As has been pointed out time and time again, the prosperity of this country depends on the condition of our rural industries. Yet we find that the scientists, research and field officers, who are responsible for trying to improve the position of our primary industries are more poorly paid than any other scientists. It is time we reviewed the position. I believe these men should be more highly paid than any other scientists. After all, we must feed our people and produce our rural commodities in the most economical fashion, and these are the men who can show us how to achieve these objects.
If honorable members read this report to which I have referred they will find brief references here and there to the necessity for carrying out some of the tasks I have mentioned to-night. Emphasis is laid on the maintenance of soil fertility. The tobacco growers have recently experienced difficulty in marketing their product, and this booklet sets out briefly some of the reasons for this difficulty. One of them is soil deficiency. It is pointed out that the soil has lacked some of the elements that are necessary for growing good quality tobacco. Soil deficiency has led to a reduction in the protein content of our wheat. It has had many other damaging effects.
There is only one way in which this problem can be overcome. We must give the people engaged in research adequate remuneration. This is the only way in which we can induce people to enter this field of science and to give primary producers the necessary education. The younger generation of farmers consists of men who are keen to gain the necessary knowledge. They are only too eager to carry out the experiments recommended and to adopt new techniques that are being made available. It is no use worrying about educating old fellows like myself, because we are too old to be taught anything. You can teach the younger ones, however. Give these young fellows encouragement and they will do the necessary work. You will then find that the cost difficulty in rural production will be overcome, to a greater or lesser degree. I again appeal to the Government to consider seriously the importance of providing adequate remuneration for agricultural scientists. If this is done, we will achieve much better results. We are, of course, getting excellent results even now, but the results, I believe, will be greatly improved if we give a better deal to the men who are doing the job.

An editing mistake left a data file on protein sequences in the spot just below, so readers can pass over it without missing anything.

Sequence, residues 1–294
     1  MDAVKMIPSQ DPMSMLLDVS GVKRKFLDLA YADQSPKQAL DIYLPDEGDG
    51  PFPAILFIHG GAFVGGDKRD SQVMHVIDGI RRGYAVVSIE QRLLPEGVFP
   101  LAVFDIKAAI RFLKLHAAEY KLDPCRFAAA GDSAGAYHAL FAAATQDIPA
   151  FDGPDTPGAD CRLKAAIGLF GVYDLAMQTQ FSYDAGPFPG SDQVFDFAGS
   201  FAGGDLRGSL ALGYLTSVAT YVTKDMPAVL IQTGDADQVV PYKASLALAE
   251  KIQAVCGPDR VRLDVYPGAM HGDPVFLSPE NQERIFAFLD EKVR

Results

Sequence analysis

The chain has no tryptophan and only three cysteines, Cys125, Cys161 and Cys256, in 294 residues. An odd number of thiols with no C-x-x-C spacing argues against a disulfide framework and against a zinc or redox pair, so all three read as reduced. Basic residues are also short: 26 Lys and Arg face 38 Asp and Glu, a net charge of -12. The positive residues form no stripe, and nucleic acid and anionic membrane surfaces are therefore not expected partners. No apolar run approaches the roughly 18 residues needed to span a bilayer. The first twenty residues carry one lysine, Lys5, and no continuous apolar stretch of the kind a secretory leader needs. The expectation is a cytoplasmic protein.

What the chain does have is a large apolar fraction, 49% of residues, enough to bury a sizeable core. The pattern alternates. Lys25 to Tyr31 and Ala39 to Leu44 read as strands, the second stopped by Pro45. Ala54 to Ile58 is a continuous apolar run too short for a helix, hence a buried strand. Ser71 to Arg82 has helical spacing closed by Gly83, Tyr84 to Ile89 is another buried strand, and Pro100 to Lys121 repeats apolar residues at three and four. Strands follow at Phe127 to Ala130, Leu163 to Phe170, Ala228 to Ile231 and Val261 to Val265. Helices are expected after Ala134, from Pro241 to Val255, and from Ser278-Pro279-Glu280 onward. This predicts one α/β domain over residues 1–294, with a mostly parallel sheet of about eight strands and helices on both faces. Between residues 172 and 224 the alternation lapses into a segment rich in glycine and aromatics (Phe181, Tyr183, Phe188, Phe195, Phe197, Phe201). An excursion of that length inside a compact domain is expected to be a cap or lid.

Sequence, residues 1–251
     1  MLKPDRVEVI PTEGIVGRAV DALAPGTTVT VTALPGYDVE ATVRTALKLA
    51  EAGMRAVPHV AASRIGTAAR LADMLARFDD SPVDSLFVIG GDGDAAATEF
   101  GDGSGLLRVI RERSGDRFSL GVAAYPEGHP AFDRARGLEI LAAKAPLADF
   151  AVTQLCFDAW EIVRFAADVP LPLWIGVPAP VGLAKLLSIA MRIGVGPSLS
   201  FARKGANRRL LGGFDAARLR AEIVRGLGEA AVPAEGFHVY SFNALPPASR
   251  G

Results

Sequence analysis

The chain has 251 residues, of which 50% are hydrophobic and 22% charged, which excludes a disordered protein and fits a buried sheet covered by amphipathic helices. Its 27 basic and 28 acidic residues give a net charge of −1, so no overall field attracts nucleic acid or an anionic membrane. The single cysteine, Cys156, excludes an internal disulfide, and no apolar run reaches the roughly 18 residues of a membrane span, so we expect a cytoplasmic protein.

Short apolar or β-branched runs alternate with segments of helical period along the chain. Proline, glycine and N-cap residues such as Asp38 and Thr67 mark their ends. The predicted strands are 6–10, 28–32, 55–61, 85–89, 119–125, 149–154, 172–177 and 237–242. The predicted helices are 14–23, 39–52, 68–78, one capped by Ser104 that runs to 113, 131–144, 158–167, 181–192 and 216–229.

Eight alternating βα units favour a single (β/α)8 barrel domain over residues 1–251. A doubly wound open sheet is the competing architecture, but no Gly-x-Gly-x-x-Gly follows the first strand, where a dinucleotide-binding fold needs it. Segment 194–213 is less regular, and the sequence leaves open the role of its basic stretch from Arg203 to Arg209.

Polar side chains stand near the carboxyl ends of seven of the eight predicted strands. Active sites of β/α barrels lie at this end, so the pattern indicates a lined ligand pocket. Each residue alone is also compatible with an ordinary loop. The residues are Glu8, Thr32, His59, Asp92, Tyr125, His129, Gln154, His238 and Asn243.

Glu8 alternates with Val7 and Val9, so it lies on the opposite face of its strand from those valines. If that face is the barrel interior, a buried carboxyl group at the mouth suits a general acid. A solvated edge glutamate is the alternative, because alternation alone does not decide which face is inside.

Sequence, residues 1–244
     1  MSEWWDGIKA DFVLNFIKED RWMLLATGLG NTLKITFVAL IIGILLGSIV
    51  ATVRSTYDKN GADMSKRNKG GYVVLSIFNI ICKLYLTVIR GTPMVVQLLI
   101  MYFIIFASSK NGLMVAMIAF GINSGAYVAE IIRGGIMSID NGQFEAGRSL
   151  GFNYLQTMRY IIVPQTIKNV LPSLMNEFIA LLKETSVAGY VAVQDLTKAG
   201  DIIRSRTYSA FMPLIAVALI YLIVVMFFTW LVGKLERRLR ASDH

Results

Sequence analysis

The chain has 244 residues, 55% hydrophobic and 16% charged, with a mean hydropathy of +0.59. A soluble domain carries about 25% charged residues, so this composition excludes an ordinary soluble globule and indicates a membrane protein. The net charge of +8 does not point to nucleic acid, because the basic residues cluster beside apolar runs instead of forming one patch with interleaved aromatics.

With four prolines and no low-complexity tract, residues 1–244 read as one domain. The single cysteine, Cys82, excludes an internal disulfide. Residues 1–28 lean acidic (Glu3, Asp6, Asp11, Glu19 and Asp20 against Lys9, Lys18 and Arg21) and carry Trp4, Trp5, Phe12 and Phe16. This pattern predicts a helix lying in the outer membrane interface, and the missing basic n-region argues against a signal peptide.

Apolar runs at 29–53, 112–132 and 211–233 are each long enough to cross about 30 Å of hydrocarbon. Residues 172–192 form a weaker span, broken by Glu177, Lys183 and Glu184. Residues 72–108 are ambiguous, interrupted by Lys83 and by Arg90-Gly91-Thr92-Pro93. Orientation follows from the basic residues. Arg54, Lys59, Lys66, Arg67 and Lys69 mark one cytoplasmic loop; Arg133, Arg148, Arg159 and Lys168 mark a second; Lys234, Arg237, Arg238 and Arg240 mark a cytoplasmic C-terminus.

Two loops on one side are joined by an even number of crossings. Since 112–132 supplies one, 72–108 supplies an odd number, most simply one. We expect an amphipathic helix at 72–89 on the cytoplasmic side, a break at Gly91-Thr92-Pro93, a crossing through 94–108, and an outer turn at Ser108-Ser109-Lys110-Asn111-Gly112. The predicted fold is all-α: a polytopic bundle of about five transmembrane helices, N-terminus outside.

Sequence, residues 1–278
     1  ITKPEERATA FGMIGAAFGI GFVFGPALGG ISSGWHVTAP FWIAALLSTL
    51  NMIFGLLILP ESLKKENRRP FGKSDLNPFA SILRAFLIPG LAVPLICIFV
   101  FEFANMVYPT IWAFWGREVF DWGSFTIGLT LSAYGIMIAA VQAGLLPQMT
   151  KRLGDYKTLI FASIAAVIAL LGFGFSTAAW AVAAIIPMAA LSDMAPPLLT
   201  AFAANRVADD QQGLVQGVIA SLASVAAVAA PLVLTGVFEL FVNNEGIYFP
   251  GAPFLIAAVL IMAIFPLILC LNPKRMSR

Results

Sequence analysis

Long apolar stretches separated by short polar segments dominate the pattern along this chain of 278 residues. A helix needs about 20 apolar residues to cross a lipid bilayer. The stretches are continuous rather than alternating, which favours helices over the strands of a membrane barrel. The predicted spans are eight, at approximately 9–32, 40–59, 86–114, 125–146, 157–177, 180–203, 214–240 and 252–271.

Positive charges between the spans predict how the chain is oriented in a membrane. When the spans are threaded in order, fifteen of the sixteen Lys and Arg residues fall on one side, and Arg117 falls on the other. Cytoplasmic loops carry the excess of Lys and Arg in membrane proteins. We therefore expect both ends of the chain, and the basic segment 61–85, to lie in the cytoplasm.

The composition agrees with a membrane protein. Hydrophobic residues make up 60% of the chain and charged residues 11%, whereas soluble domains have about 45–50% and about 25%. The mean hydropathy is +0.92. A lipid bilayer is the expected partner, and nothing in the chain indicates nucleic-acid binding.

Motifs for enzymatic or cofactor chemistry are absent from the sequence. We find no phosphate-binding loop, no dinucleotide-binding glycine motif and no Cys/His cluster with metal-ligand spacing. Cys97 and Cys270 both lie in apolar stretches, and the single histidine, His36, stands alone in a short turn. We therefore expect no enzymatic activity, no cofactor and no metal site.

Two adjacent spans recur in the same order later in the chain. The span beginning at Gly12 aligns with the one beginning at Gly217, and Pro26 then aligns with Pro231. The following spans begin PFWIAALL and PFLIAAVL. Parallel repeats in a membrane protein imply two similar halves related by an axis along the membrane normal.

.- The tone of speeches of many Government supporters has been one of hostility to the suggestions put forward by members of the Opposition. It has been admitted that as long ago as 1926 the Bruce Government made certain recommendations with regard to our northern areas, but despite the fact that 35 years have elapsed since the Bruce Government went out of office, we have little to show in the way of rural development in the north. It is true to say that if you do not agitate you stagnate, and I believe that had it not been for the agitation of members of this Parliament we would not have achieved even the minor development in the northern areas that we can see to-day. The honorable member for Kennedy (Mr. Riordan) has referred to water conservation. I made some remarks on this subject in my earlier speech to-night. What is applicable to the Ord River scheme at Bandicoot Bar in the Kimberley district of Western Australia is applicable to areas adjacent to the Katherine, Adelaide and Victoria Rivers and other rivers in the